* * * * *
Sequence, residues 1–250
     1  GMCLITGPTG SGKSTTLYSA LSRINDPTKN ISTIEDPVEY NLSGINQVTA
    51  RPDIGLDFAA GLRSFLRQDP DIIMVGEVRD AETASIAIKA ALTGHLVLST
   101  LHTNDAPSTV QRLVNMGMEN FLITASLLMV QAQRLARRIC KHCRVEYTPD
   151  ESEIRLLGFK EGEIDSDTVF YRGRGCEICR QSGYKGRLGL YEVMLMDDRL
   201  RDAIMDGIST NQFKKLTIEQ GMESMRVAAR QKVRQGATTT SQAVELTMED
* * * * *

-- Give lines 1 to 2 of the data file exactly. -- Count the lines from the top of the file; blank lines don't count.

Sequence, residues 1–250
     1  GMCLITGPTG SGKSTTLYSA LSRINDPTKN ISTIEDPVEY NLSGINQVTA